"Promise, large promise, is the soul of an advertisement.”
This quote from Samuel Johnson underlies a fascinating story about IBM’s Watson supercomputer that appeared recently in the New York Times. It contains an object lesson for all communicators who must deal with various silos and their biases in large organizations. It also provides an excellent example of Peter Drucker’s dictum that the challenge “is to get communication out of information.”
For months after Watson’s 2011 victory on “Jeopardy," America was bombarded with messages about the new computing phenom, named for IBM’s founder. Watson was friendly and personable, cute, even adorable. But it developed that perhaps Watson wasn’t as smart as he was cracked up to be.
According to the Times story:
“IBM declared in an advertisement the day after the Watson victory, ‘we are exploring ways to apply Watson skills to the rich, varied language of health care, finance, law and academia’.
But inside the company, the star scientist behind Watson had a warning: Beware what you promise.
David Ferrucci, the scientist, explained that Watson was engineered to identify word patterns and predict correct answers for the trivia game. It was not an all-purpose answer box ready to take on the commercial world, he said. It might well fail a second-grade reading comprehension test.
His explanation got a polite hearing from business colleagues, but little more.
‘It wasn’t the marketing message,’ recalled Mr. Ferrucci, who left IBM the following year.”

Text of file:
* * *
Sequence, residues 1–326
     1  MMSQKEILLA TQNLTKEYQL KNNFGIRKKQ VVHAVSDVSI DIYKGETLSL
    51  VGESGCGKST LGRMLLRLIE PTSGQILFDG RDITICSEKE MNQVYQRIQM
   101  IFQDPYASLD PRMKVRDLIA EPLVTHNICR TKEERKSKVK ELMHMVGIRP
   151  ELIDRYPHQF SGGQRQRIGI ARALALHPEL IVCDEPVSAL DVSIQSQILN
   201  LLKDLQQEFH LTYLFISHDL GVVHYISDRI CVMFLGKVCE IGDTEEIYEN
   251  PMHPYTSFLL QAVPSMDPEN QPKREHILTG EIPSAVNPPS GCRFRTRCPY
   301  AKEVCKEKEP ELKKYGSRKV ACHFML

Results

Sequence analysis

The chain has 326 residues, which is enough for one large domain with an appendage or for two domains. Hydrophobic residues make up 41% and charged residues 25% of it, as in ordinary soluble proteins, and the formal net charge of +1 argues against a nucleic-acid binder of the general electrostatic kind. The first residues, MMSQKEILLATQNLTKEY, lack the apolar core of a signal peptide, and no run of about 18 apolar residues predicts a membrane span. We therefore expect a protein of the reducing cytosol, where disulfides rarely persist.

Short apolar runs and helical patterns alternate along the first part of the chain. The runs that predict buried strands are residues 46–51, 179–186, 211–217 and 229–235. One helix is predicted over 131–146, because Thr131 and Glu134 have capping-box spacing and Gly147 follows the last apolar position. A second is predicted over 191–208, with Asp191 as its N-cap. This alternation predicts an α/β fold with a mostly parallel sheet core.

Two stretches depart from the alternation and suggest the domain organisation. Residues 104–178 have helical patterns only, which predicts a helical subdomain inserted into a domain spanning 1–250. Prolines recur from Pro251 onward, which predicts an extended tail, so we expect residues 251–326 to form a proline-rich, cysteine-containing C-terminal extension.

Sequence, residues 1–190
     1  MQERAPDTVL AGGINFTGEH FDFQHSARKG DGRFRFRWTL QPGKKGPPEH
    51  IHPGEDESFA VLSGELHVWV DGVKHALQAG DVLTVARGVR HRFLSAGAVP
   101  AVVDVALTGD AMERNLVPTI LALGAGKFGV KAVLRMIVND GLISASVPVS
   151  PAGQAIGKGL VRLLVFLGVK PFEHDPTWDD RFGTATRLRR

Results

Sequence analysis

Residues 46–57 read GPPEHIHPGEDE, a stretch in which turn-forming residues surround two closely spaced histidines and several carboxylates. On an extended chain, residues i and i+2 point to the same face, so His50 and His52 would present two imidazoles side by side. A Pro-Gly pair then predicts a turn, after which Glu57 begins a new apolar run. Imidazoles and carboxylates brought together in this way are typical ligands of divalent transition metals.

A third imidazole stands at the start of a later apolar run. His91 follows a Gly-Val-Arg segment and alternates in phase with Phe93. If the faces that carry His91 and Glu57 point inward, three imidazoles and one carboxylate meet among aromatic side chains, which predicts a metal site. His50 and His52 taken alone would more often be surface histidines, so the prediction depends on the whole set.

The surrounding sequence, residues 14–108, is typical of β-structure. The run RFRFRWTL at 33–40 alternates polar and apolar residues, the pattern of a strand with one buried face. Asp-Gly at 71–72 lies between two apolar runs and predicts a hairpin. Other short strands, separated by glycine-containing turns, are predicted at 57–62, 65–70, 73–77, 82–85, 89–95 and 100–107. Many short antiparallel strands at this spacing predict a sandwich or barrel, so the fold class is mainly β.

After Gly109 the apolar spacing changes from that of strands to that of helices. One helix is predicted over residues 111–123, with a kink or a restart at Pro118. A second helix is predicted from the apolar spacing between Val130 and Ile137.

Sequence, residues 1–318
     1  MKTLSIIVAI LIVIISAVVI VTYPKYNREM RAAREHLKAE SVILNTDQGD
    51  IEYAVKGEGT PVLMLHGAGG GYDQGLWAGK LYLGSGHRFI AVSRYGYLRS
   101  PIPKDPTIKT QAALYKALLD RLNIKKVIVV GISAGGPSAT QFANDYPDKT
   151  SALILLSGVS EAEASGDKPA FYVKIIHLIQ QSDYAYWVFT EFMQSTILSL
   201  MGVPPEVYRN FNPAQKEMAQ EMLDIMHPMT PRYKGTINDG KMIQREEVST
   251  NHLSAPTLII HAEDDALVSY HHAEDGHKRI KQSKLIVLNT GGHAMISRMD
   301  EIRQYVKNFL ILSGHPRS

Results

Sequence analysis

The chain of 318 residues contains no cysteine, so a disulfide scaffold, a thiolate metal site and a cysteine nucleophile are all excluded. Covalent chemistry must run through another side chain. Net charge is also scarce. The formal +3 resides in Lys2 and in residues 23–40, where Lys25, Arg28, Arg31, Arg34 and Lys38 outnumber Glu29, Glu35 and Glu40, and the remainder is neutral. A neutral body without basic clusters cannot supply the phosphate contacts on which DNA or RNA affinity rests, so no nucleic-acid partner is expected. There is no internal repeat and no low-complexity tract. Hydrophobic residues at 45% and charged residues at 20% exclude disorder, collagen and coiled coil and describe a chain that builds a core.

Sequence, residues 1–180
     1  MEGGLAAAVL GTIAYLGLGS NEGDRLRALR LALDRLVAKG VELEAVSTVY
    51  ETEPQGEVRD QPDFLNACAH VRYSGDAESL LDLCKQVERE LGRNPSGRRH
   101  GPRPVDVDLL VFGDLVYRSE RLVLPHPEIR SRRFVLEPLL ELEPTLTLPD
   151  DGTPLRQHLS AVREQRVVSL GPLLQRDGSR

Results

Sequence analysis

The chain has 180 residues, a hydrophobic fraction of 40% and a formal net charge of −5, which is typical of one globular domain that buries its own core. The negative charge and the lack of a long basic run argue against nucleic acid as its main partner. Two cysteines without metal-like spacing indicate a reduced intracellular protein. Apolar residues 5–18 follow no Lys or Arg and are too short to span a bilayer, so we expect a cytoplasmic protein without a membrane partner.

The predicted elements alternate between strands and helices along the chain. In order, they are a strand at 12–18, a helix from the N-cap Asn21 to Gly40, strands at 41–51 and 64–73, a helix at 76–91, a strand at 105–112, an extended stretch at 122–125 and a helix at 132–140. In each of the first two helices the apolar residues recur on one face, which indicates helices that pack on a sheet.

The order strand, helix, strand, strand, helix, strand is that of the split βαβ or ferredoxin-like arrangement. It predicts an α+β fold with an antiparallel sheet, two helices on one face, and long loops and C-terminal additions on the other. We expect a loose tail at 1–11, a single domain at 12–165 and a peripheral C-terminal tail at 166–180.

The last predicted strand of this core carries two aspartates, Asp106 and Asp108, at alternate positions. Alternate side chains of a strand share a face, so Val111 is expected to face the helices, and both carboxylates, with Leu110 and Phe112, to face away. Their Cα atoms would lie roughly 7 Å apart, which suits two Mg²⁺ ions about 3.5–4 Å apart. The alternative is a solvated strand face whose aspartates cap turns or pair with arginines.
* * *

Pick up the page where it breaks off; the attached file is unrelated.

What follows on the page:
The Times story went on to place the marketing message in context:
“The company’s top management, current and former IBM insiders noted, was dominated until recently by executives with backgrounds in services and sales rather than technology product experts. Product people, they say, might have better understood that Watson had been custom-built for a quiz show, a powerful but limited technology.”
IBM’s CEO at the time, Ginni Rometty, though trained in computer science and engineering, came up through the sales ranks at Big Blue. This introduces the possibility of what researchers at the NeuroLeadership Institute have termed an “experience bias.” That is, “we assume our view of a given problem or situation constitutes the whole truth,” according to NLI.
The lesson for communicators in the case of IBM’s Watson? If you are at a great science and technology company, or are the curator of an organization with a large reputation, listen to your scientists, product engineers, researchers and the like. Don’t be taken down the rosy path by the sales and marketing crew or the bean counters. The techies may bore the bejesus out of you, but if you listen you will learn, and isn’t it your job to listen and develop a credible narrative from what you learn?
Bill Huey is president of Strategic Communications and the author of Carbon Man (Kindle, 2010).